If you think U.S. tax laws are complex, be thankful you are not a global corporation subject to the tax whims of various countries and taxing authorities around the world. I’m not trying to say that U.S. citizens have it easy—quite the opposite. The U.S. tax code is 74,608 pages long. Assuming double-sided printing on standard paper, where a 500-sheet ream is 2 inches thick, a printout of the code would stand more than 12 feet high. The U.S. Department of the Treasury expects taxpayers to comply with that 12-foot stack of rules and regulations every year.
This growing pile of regulations has not escaped the attention of politicians. I cannot remember a presidential election where simplification of the tax code was not part of at least one major candidate’s platform. Although talked about endlessly, nothing ever seems to come of it. Instead, the tax code grows larger and more complex every year.
Granted, not all pages affect everyone, but it’s still a daunting task to figure out which sections do apply to your personal situation. If you happen to be a business owner, then you also get to “enjoy” the corporate, partnership, payroll, and Social Security provisions of the code. Once you have that mastered, then there are still all of the state tax codes to contend with.
Yesterday, Apple (AAPL) was confronted with a tax problem that makes all other tax issues appear minuscule. The European Union (“EU”) is claiming that Apple owes Ireland 13 billion euros (about 14.5 billion U.S. dollars) in back taxes. To put that number in perspective, it is a larger figure than the annual GDP of 74 of the 189 countries tracked by the International Monetary Fund. EU regulators claim that the tax treatment Ireland extended to Apple in 1991 (and 2007) is a violation of its rules that forbid companies from acquiring a competitive advantage through government help or assistance.
With $14.5 billion on the line, all sides can afford armies of legal help, so you should expect this issue to exhaust all possible appeals before any final resolution is achieved. Apple’s stock performance over the past couple of days is comparable to the broader market, so it does not appear investors are assuming any short-term impact. Besides, the amount is chump change compared to the $215 billion of cash on Apple’s books. However, the fact remains that all stocks are subject to a multitude of risks, including political and tax risks.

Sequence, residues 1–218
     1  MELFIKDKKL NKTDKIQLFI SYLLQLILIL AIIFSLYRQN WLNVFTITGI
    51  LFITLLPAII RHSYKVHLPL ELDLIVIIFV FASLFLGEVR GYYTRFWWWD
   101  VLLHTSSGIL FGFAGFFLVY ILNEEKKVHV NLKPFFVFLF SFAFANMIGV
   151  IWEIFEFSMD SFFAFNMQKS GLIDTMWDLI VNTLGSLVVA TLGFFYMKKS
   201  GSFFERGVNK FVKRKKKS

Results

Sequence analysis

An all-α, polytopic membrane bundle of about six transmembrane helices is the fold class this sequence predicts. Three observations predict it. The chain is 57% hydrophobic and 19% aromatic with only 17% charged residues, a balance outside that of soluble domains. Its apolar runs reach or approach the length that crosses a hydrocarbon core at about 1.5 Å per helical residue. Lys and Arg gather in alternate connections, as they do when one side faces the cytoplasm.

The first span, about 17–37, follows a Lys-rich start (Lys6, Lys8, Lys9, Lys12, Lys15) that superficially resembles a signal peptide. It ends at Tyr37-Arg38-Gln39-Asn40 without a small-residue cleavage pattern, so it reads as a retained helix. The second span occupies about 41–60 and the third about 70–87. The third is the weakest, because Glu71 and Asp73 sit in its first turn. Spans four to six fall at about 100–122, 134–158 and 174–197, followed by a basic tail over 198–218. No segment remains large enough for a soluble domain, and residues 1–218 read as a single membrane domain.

Interestingly, the U.S. Treasury is the party claiming foul. It believes it is the entity entitled to those tax dollars, although it is not in a position to collect until Apple brings its foreign profits back inside U.S. borders. The real battle here is between the United States and the European Union. Apple and Ireland both seem to be pleased with the current arrangement, and the pair is looking like a couple of reluctant pawns in a much larger chess game.
Changes in the sector rankings were subdued this past week with Technology remaining at the helm for a fourth week. Financials was the big upside mover, jumping from fifth to second thanks to strong gains in the banking and insurance industries. Materials and Industrials held steady, but Energy fell three spots to take the place of Financials. Contributing to Energy’s decline, crude oil fell back below $46 a barrel after pushing above $49 about two weeks ago. Real Estate lost momentum but still managed to climb two spots. Consumer Discretionary held steady, while Consumer Staples slid two notches. Health Care tumbled three places lower and is now in danger of slipping into negative territory. Telecom and Utilities are still the only two categories with negative momentum, and this week they slipped further into the red.
All style categories lost momentum, but the current environment still favors smaller-capitalization stocks. Small-Cap Value, which has topped the style rankings in five of the past seven weeks, leads the quartet of the smallest-capitalization segments. Micro-Cap moved ahead of Small-Cap Blend and Small-Cap Growth, and this elite group now has a substantial lead over the rest of the field. In the middle, Mid-Cap Value moved two spots higher, Mid-Cap Blend didn’t budge, Large-Cap Value climbed one, and Mid-Cap Growth gave up two spots. However, they all remain tightly bunched with only one momentum point separating the four, suggesting the relative order is not significant. Among the laggards, Mega-Cap moved off the bottom and Large-Cap Growth fell the final step to last place.
All global categories are posting lower momentum scores than a week ago, although the three developing market categories still have a substantial lead over developed markets. China tops the list for a second week, as Latin America settles into its new role of just being second best. Emerging Markets rounds out the trio at the top. Japan and Canada swapped places, with Japan gaining the advantage this week. In the lower half of the rankings, World Equity climbed a notch, the U.S. moved two places higher, and the Eurozone improved a spot. The downside movers included Pacific ex-Japan (falling two) and EAFE (dropping from eighth to 10th). The U.K. sits on the bottom for a fifth week.
“At its root, the commission’s case is not about how much Apple pays in taxes. It is about which government collects the money.”
—Tim Cook, Apple CEO
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